Participation is widening, just not at the elite end
New research shows stalled progress in access to selective institutions. Rebecca Attwood reports
Selective universities are being urged to review their spending on bursaries, scholarships and outreach "as a matter of urgency", as new research shows that access to the country's elite institutions has stalled.
Although recent data show an improvement in the proportion of disadvantaged young people entering higher education as a whole, a study examining only the most selective universities, published this week by the Office for Fair Access, found that there had been no improvement since the mid-2000s.
According to the analysis, prepared to inform Sir Martin Harris' report to the government on access to elite institutions, the most advantaged 20 per cent of young people are still seven times more likely to attend an elite university than the most disadvantaged 40 per cent. At some institutions, privileged students are 15 times more likely to attend.
But Sir Martin's report, What More Can Be Done to Widen Access to Highly Selective Universities?, said elite universities had made "considerable efforts" to attract students from disadvantaged backgrounds and without this, progress might have been reversed.
The slower increase in student numbers at these universities and the faster rate of increase in A-level A grades at private schools may help explain the lack of progress, it suggests.
Sir Martin says evaluation and evidence of the success of widening participation initiatives is an area of weakness that needs to be improved. However, he adds that some universities do have "convincing evidence" about the positive effect of their programmes.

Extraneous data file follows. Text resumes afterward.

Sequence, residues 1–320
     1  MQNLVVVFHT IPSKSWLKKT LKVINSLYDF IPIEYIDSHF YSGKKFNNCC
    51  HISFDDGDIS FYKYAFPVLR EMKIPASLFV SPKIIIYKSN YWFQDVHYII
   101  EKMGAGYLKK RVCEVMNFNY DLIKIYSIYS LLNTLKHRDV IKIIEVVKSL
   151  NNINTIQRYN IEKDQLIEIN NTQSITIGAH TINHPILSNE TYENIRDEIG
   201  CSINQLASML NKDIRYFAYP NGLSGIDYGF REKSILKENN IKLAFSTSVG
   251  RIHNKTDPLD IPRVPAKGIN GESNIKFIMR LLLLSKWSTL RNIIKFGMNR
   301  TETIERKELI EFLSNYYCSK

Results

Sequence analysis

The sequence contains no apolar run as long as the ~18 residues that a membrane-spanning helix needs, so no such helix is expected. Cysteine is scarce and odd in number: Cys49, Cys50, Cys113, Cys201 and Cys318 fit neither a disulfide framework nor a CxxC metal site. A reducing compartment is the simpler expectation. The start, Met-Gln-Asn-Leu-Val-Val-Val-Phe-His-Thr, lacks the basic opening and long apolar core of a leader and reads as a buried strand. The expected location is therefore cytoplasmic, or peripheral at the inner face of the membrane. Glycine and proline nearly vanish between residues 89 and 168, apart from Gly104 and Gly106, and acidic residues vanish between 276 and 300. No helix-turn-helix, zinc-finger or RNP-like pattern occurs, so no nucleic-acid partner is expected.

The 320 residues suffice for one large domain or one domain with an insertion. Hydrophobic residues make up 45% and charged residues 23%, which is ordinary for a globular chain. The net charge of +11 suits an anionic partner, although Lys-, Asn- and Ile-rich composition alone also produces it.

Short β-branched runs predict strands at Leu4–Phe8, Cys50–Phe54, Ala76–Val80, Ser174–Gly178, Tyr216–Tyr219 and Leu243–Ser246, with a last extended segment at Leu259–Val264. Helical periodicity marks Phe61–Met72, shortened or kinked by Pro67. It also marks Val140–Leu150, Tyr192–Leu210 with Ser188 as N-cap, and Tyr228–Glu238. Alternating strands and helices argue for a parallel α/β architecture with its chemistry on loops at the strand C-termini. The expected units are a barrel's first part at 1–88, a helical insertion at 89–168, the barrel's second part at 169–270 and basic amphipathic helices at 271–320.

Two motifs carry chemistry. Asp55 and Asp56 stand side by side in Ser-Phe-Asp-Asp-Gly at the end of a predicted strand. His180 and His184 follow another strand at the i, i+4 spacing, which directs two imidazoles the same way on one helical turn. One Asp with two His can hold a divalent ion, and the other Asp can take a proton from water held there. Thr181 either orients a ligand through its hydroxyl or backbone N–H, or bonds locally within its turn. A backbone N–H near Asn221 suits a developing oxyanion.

The report says summer schools have proved particularly effective, and stresses that in a time of tight finances, universities need to carefully target outreach spending.
"Selective universities should, as a matter of urgency, review the pattern of their expenditure on bursaries, scholarships and additional outreach, to improve the way they target students and ensure money is spent on effective initiatives," the report continues.
Sir Martin points out that, if the cap on tuition fees is raised, investment in outreach could be considerably increased.
But his key message is that selective universities, working with schools and colleges, must take "substantial further steps" to identify and support talented students from poor families as early as possible, and no later than Year 9 - ahead of GCSE choices.
Sir Martin argues in favour of the use of contextual data in university admissions, and also calls for selective universities to do more to counter the false belief among some students that it is more expensive to go to an elite university.
His other recommendations include making schools publish data on the destination of pupils at 18, and universities on their record with widening participation targets.
The report also reveals that 13 universities working together on a scheme designed to help talented but poor students progress to research-intensive universities have decided not to give participants a guaranteed interview for fear that this might be seen as an additional hurdle. It adds that preliminary research exploring the possibility of a national university entrance test suggests that the idea has only "limited potential".